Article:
Neuropsychological dysfunctions caused by low level exposure to selected environmental pollutants in susceptible population – NEURODYS, 1. 7. 2018 - 30. 6. 2021, Milena Horvat
Summary of the project
Environmental pollutants, including selected toxic elements and their species and organic compounds, are among the known causes for neurodevelopmental diseases, the prevalence of which seem to be increasing world‐wide. Sub‐clinical decrements in neuro‐psychological functions are even more common than neurodevelopmental disorders and can play an important role in aetiology of neurological disorders later in life. Response depends strongly on the individual's compensation mechanisms, particularly at low, environmentally relevant exposures, and may include (epi)genetic predisposition and/or human microbiome. A notable increase of intensity of studies related to the variability in susceptibility to neurotoxic effects at low low‐level of exposure to environmental toxicants has been evidenced.
The project builds on the existing cohort of children PHIME (Public Health Impact of long‐term, low‐level mixed element exposure in susceptible population strata to toxic metals, 2000‐2006) in which child neurodevelopment in relation to mercury (Hg) exposure among residents in the Mediterranean coastal regions of Italy, Slovenia, Croatia and Greece was assessed. The results of the neurodevelopment performance at the 18 months have shown that higher fish consumption during pregnancy was associated with cognitive and language (but not motor) neurodevelopment performance.The subset of children from this cohort were further assessed at 6 to 8 years of age in three countries Slovenia, Croatia and Italy as part of the Life+CHROME project. As a rational approach, this project aims to further exploit the available data and fill data gaps by additional chemical, biochemical and molecular analysis. The main goal of this project is to establish associations between environmental exposure, human (epi)genome and neuropsychological performance, taking into account for the first time also the role of microbiome. As the birth cohorts in three countries followed exactly the same study protocol, the formation of unified study cohort is justified and allows for the sufficient stitistical power in data analyses and interpretation. Moreover, this project is timely as it coincides with the recruitment of a new cohort in Slovenia and Croatia as part of the EU EXHES/HEALS project. This will allow further validation of the study outcomes using methodology built on the validated approach and data.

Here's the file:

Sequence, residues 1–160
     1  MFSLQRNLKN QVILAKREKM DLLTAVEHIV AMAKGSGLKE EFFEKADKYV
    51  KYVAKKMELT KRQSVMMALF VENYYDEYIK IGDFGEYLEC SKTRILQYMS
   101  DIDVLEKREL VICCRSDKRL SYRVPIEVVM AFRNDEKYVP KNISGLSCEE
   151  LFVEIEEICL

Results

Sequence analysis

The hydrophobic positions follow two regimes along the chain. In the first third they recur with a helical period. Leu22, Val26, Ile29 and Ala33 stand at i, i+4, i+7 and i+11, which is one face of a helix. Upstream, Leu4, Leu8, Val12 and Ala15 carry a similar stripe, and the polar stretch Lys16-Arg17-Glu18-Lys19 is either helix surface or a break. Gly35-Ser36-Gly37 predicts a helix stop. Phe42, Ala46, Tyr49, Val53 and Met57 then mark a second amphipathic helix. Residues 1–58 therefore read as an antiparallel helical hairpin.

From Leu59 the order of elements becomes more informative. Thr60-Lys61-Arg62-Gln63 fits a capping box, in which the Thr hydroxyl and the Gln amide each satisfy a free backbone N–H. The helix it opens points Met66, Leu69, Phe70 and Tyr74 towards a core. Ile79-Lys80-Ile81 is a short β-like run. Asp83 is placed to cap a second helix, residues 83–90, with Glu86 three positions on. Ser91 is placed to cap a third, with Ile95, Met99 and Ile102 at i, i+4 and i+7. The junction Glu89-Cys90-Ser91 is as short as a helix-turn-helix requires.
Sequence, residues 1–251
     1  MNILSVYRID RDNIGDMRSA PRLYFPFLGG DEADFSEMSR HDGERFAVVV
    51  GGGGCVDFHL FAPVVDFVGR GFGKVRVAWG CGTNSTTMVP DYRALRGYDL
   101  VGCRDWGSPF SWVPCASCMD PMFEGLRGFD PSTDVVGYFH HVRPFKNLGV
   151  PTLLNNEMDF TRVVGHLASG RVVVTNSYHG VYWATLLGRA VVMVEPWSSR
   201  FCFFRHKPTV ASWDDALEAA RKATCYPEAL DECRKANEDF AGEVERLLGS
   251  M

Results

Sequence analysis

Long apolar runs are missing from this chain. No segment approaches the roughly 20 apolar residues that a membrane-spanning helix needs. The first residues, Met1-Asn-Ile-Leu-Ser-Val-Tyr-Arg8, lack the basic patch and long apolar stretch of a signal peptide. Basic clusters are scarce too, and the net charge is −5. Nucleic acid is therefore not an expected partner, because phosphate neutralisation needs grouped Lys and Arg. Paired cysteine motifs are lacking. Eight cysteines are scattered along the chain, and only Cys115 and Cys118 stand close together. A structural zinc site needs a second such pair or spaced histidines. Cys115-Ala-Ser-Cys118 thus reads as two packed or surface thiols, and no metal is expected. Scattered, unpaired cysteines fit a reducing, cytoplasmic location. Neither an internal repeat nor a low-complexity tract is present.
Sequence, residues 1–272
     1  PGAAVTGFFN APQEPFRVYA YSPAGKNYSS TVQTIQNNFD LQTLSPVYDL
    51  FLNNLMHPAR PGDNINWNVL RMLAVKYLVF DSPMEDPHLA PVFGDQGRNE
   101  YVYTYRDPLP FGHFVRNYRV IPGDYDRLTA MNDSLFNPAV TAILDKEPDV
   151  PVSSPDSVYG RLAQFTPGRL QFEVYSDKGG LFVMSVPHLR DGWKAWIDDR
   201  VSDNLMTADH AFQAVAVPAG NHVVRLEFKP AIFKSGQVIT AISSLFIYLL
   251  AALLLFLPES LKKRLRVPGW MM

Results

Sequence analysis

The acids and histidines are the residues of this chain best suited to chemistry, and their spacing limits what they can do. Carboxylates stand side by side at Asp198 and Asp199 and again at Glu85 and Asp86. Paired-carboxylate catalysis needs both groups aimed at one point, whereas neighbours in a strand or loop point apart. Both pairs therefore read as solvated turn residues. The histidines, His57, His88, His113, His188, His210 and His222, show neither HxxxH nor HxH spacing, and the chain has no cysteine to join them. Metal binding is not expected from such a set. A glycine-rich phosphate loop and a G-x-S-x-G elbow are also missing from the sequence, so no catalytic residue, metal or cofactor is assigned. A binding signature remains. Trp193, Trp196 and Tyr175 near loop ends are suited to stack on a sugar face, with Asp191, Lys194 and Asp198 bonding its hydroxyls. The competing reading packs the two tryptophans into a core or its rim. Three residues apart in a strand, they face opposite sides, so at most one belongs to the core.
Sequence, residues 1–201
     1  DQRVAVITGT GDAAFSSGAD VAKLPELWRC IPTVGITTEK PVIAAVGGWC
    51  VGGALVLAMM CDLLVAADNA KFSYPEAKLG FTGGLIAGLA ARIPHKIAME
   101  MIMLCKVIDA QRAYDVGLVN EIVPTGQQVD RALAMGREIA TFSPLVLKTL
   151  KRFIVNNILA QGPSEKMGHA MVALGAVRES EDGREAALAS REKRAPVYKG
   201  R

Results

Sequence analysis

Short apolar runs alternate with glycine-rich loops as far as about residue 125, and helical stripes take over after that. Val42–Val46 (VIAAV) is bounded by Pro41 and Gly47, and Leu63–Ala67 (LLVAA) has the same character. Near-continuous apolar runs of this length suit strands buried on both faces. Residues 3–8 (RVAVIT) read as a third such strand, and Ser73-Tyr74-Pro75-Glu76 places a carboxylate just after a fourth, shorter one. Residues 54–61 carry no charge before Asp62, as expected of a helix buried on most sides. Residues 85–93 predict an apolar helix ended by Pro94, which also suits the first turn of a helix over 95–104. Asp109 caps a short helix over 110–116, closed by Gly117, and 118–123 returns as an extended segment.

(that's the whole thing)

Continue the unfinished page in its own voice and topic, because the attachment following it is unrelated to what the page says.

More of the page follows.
Strong and committed interdisciplinary institutional arrangements is composed of partners in Slovenia (Jožef Stefan Institute, University Clinical Center Ljubljana) with the expertise covering chemical and biochemical analytical work, pharmacokinetic modelling, experience in recruitment and neurodevelopment testing, bioinformatics and most advanced machine learning techniques ultimately needed for data interpretation and exploitation. The international partners will contribute the data needed for inclusion of Croatian and Italian cohort (University Medical center in Rijeka and Burlo Garofolo. Trieste) as well as classical biostatistical tools. The contribution from Swedish partners, namely Karolinska Institute, Stockholm and Chalmers University, will contribute expertise in advanced genotyping and epigenetic analysis and microbiome, respectively.
Finally, the project will disseminate the results to the science community through an ambitios publication plan, while strong engagement of early stage researchers will create opportunities for their enhanced career prospects in this perspective interdisciplinary science domain. Communication of the study results to different health and environmental sectors at national and international level will also improve the understanding and the use of the complex gene‐environment interactions in chemical management actions. The empowerment of citizens through their active participation (recruited subjects) as well outreach activities will also be an integral part of the project implementation plan.
Participating research institutions
Jožef Stefan Institute
- Department of Environmental Sciences
- Department of knowledge technologies
- Department of Molecular and Biomedical Sciences
Univerzitetni klinični center Ljubljana
Collaborating parties/Partners from the EU or/and from abroad
Burlo Garofolo, Trieste, Italy
University Medical Centre, Rijeka, Croatia
Karolinska Institutet, Stockholm, Sweden
Chalmers University, Bioinformatics and Computational Biology, Goteborg, Sweden